Yet none of those actions originated in the grey matter of our government leaders; rather, they percolated from the soil of our moral consensus. That's because law and politics are reflections of society's cultural values, not the other way around.

When the Supreme Court took us over the "gay marriage" Rubicon in 2013 by overturning the Defense of Marriage Act (DOMA), public approval of its legalization had reached 50 percent. But neither the ruling nor popular sentiments were the problem, only symptoms of it.
The problem, as evidenced by the incidence of, and even attitudes concerning, non-marital sex (among other things) in the Christian camp, is the Church's neglect of its foremost duty: to form believers whose lives reflect the teachings and example of Christ. The failure of Christians to exemplify the standards of sexual morality they demand from homosexuals goes a long way toward explaining the waning moral authority of the Church and the growing acceptance of homosexuality.

The Results of Neglect

Indeed, in the two years following the DOMA ruling, support for same-sex marriageincreasedby seven percent. With 59 percent of the general public favoring it, Fortune 500 companies like Wal-Mart, Apple, Starbucks, and Target have come out boldly for "marriage equality." Having read the collective moral conscience correctly, a number of corporate titans have successfully pressured legislators for anti-discrimination laws and have threatened to cease doing business in states promoting religious liberty—all without consumer pushback or loss of market share.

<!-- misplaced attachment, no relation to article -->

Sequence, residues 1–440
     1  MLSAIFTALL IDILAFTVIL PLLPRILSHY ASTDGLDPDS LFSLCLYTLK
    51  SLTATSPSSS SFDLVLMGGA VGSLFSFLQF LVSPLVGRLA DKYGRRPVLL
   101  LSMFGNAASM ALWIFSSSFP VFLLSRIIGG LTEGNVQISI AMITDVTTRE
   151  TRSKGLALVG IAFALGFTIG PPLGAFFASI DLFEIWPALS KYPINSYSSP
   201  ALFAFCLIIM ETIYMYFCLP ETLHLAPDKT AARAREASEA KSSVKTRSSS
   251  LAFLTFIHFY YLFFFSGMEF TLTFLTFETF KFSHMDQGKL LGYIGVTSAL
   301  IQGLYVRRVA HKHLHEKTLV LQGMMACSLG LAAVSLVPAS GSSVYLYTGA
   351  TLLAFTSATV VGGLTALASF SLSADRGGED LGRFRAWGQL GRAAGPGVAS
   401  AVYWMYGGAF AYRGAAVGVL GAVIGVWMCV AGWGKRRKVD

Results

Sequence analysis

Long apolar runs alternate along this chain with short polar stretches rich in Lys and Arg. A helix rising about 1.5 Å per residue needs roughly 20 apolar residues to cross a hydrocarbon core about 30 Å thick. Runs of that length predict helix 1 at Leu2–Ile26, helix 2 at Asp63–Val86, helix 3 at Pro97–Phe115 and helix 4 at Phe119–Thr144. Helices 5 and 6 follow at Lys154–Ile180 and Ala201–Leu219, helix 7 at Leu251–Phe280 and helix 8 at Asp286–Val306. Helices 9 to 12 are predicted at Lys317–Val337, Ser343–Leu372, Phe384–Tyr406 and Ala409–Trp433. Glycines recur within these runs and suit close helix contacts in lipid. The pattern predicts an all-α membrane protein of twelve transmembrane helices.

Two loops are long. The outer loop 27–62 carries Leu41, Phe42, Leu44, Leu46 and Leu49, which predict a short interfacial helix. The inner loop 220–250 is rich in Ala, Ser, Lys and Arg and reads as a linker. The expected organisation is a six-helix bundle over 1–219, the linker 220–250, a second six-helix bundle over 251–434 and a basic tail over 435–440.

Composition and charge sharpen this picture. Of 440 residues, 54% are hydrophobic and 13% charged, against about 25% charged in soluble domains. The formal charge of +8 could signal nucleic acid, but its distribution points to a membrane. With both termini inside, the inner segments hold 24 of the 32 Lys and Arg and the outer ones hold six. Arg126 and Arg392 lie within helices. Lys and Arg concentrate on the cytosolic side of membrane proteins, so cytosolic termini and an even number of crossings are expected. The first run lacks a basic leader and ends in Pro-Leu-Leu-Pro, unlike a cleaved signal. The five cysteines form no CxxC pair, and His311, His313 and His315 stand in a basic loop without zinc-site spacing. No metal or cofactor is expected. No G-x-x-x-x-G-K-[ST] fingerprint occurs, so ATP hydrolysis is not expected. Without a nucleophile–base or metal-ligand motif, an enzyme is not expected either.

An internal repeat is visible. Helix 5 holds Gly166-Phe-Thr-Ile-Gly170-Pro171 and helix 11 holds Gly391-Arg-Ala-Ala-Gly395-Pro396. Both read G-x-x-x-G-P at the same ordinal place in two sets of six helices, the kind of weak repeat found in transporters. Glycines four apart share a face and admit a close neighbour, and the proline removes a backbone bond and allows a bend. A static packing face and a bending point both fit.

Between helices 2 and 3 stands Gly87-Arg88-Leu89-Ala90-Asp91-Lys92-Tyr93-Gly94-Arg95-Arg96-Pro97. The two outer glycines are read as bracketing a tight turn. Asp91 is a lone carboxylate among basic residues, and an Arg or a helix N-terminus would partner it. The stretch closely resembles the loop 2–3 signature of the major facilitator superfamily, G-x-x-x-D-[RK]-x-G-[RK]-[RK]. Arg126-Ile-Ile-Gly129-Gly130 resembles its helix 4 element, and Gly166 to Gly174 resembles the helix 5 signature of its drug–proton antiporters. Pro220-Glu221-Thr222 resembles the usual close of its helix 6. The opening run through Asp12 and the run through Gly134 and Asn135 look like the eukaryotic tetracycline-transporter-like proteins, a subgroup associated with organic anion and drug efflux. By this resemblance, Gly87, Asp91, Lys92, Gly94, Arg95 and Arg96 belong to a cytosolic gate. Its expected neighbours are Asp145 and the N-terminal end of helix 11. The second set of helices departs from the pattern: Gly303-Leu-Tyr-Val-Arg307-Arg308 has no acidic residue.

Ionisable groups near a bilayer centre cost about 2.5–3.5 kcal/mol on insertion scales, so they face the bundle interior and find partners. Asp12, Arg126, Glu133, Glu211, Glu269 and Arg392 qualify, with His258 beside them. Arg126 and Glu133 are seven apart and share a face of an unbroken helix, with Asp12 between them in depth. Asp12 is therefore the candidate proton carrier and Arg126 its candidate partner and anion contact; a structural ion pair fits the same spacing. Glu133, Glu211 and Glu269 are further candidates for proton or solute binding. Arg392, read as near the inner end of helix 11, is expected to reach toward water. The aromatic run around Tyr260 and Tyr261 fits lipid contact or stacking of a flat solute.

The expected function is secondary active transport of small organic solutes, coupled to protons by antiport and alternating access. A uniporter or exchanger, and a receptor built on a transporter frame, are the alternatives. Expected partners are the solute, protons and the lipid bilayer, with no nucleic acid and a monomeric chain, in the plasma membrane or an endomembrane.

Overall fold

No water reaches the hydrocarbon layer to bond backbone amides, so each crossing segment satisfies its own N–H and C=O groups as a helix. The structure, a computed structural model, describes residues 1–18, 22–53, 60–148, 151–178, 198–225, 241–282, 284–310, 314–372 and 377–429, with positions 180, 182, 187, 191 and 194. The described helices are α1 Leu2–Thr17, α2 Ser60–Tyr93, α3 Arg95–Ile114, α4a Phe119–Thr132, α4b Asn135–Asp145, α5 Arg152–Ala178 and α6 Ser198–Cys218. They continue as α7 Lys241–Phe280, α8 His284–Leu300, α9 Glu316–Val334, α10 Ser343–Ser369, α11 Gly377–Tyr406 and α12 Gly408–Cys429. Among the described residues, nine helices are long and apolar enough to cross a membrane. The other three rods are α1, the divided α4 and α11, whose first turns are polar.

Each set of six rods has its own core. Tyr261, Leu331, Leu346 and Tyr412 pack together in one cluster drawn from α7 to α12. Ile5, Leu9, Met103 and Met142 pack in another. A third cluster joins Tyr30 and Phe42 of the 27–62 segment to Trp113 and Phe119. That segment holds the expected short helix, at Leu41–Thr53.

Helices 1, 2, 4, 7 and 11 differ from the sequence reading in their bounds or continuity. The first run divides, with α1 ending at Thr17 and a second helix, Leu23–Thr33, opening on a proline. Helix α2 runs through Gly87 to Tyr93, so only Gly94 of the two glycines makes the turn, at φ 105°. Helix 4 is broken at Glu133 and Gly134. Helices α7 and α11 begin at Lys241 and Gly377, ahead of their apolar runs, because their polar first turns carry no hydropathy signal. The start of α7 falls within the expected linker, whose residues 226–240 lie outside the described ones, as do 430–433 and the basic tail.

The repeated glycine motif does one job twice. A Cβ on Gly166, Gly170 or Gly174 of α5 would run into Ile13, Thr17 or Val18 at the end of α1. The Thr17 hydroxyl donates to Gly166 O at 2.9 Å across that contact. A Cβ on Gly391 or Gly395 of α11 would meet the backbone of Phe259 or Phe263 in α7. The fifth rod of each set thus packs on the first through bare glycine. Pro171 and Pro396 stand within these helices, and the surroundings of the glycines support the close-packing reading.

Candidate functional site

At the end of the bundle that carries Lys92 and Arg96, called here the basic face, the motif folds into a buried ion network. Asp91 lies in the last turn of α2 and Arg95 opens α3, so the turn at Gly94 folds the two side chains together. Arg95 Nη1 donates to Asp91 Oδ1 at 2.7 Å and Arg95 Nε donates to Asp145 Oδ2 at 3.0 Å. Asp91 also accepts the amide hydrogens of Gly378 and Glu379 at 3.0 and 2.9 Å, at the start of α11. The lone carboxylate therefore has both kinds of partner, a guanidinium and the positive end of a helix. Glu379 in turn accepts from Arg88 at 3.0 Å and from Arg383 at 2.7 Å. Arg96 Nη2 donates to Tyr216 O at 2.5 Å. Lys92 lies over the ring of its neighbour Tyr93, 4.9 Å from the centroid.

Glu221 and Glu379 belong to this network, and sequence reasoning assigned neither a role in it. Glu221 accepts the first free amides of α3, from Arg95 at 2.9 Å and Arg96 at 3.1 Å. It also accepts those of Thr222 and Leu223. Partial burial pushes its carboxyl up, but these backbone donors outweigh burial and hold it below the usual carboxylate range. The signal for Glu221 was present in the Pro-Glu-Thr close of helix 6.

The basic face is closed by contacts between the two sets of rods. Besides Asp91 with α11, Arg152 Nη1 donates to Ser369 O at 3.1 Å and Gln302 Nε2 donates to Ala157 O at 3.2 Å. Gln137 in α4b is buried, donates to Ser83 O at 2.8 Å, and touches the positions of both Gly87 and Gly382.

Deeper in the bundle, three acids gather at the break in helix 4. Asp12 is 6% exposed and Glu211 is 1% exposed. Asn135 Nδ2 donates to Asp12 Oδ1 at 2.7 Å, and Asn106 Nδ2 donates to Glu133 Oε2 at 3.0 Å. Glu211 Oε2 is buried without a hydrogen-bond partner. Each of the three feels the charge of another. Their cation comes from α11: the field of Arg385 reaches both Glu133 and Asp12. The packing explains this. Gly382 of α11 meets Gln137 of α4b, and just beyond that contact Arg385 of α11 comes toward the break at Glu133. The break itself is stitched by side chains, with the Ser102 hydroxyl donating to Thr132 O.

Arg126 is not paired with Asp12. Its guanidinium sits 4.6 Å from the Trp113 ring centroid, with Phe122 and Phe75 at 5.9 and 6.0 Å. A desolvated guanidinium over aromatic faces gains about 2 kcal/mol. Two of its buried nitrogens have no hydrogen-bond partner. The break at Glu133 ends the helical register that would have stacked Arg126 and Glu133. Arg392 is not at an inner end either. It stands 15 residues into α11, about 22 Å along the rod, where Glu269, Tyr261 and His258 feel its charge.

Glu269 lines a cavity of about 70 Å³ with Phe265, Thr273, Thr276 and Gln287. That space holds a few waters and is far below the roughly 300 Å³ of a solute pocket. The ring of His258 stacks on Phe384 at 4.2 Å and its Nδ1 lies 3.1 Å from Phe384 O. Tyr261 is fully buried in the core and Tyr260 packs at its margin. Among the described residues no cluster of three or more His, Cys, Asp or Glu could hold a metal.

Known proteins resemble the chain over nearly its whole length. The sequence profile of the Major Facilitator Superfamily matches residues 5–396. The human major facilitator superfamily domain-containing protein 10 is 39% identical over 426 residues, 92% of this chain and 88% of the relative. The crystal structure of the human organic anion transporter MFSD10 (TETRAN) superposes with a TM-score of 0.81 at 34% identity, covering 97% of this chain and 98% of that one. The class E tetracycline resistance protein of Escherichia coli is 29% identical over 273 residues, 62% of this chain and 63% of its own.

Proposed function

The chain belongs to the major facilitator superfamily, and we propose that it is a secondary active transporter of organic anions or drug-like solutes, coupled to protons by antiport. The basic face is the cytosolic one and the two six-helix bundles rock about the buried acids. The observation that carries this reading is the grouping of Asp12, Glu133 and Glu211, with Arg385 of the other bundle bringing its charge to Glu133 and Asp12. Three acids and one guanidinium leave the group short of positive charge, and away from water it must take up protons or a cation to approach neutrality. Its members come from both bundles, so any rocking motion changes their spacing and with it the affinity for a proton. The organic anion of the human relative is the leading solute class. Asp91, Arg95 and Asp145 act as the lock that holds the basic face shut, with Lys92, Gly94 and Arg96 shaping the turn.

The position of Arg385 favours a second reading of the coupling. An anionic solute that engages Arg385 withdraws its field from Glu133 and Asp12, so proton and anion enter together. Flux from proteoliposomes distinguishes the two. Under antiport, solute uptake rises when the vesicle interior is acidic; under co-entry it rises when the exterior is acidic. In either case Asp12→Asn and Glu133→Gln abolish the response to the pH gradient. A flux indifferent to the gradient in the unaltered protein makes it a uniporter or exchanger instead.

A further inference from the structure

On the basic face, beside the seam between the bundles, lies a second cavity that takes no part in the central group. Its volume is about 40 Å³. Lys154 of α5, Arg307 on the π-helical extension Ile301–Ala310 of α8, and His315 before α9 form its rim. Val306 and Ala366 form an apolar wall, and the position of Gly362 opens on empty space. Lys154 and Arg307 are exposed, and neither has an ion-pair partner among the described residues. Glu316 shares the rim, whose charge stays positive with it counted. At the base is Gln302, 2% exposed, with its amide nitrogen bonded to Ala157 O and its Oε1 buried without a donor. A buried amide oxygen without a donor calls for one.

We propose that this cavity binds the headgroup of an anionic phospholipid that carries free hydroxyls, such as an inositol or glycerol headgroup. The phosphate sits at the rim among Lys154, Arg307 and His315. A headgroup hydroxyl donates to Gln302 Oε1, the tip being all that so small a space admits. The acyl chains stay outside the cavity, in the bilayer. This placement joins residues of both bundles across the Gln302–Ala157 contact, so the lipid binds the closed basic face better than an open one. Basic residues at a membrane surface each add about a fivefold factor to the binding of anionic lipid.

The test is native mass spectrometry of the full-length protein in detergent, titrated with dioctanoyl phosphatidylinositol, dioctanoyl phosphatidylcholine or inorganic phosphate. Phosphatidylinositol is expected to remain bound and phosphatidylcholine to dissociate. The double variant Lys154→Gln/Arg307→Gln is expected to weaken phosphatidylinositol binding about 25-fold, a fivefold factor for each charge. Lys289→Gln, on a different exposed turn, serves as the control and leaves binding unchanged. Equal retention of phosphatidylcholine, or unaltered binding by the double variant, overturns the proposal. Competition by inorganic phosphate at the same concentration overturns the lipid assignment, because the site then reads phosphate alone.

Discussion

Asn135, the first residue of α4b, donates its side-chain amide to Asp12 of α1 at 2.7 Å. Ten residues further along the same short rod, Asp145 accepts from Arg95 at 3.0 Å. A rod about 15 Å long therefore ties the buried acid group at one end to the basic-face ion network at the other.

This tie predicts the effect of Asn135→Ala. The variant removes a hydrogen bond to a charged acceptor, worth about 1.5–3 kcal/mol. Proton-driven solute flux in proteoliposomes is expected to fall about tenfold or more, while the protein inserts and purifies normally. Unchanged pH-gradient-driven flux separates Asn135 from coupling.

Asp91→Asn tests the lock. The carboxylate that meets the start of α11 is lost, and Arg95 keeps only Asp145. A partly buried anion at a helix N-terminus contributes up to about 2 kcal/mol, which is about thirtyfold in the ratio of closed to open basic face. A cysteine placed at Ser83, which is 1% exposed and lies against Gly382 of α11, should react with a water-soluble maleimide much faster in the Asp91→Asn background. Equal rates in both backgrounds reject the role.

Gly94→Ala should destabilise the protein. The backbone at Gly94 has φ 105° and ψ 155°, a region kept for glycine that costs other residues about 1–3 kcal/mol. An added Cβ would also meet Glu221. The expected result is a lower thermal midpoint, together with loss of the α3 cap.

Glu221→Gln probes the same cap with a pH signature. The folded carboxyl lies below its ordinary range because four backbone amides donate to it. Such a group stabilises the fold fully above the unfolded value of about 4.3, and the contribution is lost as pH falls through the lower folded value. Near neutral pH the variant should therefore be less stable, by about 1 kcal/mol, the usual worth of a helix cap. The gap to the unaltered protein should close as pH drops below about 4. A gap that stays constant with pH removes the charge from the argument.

In the same two-year period, the number of states legalizing same-sex marriage skyrocketed, from nine to 37. While all but three of the decisions were by judicial fiat or legislative decree, it is doubtful, given the rapid shift in popular attitudes, that the results of public referenda would have been markedly different.

By Way of Explanation

As to how it has come to this,First Thingseditor R. R. Reno observes that "homosexuality plays a very important symbolic role in the moral imaginations of heterosexuals." And it's not the role you might suspect.

Reno explains, "When it comes to sex and transgression, their [homosexuals'] freedom from moral censure guarantees ours [heterosexuals]. Which is why gay rights are so very popular among the America elites who can't imagine themselves as anything other than good people" and, I might add, who equate the social approval of homosexuality with the moral acceptance of their own sexual peccadilloes.